“It was a great life. It stood me in good stead. ” – With these words Vern Williams sums up his years at Burwood Boys’ Home in the 1940s – sentiments that may surprise some used to hearing horror stories of institutional life.
In 1858 the area bounded by Warrigal and Highbury Roads, Burwood Highway (Ballyshanassy Road) and Gardiners Creek (Damper Creek) was named Ballyshanassy in honour of then Victorian Premier, John O’Shanassy.
Nancy Mary Weir was born in Kew on 13 July 1915; a child prodigy, she knew the piano keyboard at 18 months and when four sneaked out to a nearby convent for lessons from a nun. At 13, she performed Beethoven’s Piano Concerto No.3 with the Melbourne Symphony under conductor Fritz Hart following which Melbourne’s lord mayor launched a public subscription for her to study in Europe.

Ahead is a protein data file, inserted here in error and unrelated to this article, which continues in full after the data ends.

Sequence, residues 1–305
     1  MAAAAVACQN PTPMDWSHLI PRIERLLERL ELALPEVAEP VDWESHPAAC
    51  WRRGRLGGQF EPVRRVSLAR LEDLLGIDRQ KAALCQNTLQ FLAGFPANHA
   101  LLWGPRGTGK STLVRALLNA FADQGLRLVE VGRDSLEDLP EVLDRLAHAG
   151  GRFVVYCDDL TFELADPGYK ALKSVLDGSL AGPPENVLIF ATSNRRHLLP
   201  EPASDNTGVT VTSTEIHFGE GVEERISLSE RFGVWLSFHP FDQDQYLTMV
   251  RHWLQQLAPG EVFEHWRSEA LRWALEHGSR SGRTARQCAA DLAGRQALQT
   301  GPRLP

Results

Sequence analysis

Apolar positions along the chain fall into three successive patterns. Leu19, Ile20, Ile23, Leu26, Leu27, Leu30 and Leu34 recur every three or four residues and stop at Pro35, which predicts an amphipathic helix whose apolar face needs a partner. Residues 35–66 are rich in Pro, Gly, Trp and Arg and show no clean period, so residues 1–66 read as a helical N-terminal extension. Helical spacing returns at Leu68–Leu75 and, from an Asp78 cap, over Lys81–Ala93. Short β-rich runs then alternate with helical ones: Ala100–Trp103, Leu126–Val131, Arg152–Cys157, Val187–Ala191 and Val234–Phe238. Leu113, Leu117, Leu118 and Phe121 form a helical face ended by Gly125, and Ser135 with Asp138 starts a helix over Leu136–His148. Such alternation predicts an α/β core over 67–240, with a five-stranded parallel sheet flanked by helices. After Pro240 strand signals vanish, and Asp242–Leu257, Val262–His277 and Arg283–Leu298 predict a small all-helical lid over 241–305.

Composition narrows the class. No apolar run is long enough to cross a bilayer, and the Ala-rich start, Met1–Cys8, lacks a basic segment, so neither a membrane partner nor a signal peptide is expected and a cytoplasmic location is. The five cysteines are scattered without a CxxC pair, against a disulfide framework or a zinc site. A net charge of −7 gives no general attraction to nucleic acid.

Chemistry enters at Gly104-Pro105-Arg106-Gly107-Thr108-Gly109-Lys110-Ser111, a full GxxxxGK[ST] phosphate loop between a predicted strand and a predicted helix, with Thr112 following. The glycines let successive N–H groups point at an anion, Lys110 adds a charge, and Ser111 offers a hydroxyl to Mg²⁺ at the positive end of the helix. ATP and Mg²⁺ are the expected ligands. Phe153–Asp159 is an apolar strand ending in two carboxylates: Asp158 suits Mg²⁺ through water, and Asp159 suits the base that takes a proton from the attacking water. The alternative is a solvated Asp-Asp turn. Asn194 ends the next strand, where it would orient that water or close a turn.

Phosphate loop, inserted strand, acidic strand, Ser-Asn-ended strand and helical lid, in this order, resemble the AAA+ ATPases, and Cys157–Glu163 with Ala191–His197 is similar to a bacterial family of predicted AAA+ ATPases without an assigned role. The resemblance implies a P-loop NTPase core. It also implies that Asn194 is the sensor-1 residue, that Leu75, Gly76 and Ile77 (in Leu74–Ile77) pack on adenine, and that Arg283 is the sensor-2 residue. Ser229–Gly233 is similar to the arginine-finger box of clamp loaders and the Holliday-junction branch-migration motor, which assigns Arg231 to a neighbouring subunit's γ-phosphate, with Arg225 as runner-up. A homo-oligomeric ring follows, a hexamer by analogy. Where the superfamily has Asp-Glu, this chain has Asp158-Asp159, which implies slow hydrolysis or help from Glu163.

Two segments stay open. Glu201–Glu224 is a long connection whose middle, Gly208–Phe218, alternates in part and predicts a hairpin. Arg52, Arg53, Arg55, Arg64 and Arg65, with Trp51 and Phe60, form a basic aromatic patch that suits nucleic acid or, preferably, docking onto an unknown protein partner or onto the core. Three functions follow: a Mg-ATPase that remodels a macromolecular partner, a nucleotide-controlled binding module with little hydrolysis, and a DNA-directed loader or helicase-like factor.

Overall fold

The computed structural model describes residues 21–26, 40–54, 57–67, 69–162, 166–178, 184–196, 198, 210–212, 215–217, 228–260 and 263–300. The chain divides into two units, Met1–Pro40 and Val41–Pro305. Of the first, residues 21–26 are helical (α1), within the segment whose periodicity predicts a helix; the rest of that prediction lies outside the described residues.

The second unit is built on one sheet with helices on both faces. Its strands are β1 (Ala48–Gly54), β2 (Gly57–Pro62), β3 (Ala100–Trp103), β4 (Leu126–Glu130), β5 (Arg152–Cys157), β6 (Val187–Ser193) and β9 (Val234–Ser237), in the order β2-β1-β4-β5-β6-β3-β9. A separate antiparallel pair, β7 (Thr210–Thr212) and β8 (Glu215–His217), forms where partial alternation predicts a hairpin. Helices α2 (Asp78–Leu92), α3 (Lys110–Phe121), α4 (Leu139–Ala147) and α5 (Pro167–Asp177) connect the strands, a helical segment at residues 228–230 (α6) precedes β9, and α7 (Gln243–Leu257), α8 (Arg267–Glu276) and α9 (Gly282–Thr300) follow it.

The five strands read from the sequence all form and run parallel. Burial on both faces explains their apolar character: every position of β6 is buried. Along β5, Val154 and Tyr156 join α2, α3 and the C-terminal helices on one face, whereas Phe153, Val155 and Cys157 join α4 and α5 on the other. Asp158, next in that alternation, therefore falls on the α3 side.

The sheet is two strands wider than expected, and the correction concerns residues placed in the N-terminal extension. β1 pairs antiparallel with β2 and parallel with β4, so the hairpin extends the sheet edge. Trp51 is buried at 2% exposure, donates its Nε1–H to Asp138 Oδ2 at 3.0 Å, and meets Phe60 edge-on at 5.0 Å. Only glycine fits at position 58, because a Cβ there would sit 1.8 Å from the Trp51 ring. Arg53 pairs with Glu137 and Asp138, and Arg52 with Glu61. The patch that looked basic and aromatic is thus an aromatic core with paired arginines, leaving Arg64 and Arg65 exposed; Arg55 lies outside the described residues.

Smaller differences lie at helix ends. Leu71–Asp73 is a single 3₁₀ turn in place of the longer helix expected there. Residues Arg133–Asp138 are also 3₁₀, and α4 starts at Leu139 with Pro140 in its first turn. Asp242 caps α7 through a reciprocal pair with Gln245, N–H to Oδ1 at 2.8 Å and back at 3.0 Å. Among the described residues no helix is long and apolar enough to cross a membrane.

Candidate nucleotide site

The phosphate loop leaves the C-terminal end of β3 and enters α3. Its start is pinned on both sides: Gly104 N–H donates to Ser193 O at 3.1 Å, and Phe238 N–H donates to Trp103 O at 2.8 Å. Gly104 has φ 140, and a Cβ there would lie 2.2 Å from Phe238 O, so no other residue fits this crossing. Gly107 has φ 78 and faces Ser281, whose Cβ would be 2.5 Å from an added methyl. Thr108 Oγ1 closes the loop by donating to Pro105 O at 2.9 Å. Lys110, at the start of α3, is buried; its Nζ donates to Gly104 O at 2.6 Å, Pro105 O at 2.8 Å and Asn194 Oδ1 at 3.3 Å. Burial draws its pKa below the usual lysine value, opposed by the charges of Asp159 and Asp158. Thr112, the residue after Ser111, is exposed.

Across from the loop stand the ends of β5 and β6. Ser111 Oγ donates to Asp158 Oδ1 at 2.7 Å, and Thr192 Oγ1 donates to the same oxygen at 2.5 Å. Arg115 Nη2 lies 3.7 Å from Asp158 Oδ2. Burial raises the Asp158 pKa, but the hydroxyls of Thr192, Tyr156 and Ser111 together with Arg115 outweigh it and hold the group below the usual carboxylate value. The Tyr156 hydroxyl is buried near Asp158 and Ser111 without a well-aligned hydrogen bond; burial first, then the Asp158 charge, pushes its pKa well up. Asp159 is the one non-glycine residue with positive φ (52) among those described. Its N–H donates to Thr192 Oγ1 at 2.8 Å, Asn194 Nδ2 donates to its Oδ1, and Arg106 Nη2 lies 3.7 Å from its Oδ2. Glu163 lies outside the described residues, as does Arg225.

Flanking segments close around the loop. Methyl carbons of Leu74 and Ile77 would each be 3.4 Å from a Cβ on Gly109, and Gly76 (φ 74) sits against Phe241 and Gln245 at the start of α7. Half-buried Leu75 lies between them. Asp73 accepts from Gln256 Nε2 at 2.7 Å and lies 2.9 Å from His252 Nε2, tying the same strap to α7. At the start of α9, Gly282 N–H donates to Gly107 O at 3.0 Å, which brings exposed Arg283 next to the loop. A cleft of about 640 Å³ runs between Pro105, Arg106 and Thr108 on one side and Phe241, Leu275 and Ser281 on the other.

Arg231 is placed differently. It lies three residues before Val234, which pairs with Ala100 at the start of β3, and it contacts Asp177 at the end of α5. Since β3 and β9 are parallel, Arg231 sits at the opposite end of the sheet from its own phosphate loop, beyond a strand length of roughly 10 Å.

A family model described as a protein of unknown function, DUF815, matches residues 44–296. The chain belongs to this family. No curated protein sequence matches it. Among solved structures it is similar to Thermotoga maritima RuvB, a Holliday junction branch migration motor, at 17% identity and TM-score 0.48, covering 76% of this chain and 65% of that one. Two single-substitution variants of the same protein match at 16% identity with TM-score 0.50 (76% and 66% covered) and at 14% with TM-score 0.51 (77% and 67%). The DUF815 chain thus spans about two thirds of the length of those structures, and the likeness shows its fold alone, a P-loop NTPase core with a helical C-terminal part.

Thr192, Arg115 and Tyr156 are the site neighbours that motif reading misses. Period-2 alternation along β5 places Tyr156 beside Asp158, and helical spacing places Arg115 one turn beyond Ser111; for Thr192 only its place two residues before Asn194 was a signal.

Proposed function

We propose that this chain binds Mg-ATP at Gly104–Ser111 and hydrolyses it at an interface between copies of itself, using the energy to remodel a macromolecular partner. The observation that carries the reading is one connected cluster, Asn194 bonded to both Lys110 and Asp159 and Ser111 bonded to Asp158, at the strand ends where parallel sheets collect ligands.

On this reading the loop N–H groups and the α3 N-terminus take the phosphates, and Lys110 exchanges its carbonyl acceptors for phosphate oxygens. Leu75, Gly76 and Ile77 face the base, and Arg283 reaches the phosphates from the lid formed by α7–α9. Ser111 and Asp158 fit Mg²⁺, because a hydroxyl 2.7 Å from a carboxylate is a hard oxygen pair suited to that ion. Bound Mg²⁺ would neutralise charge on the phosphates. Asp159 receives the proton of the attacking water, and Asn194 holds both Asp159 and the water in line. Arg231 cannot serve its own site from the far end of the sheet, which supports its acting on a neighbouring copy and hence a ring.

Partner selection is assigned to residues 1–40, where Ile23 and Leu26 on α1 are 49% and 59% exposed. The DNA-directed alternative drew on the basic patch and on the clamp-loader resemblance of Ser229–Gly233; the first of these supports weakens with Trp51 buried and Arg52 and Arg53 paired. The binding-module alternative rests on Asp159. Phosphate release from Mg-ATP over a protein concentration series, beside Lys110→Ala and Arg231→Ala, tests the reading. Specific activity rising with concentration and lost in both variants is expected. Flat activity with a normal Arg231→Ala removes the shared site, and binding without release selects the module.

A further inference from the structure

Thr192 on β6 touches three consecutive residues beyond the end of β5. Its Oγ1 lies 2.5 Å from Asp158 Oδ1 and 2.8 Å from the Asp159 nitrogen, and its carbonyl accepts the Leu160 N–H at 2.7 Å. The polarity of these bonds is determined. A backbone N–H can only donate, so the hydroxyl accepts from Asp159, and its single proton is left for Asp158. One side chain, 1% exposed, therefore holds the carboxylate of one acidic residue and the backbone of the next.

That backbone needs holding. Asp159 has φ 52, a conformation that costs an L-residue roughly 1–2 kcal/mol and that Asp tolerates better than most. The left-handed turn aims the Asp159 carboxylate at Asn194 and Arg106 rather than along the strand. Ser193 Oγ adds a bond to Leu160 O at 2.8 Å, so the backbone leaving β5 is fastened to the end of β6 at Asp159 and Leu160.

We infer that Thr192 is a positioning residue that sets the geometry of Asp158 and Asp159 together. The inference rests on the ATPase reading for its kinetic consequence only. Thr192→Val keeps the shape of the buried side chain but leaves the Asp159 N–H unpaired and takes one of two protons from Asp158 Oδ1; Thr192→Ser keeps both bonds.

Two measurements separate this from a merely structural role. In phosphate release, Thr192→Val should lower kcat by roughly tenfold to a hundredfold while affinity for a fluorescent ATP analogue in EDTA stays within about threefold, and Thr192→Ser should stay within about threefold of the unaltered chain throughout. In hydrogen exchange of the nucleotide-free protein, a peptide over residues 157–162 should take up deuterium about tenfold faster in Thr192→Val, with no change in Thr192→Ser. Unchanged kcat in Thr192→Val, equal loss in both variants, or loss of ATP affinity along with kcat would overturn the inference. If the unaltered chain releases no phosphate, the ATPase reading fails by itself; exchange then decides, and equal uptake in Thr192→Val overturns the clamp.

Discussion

EVA de Jong-Duldig is a person of diverging interests, many of which were inherited from her parents. Eva’s father Karl was an eminent sculptor as well as a sportsman, and from him she took his sporting prowess (he played international soccer for Hakoah Wien in the 1920s and was later one of Austria’s top tennis players). Her mother Slawa, who invented the modern foldable umbrella in 1929, often formed a bedrock in the family’s sometimes fraught journey from Vienna to Australia.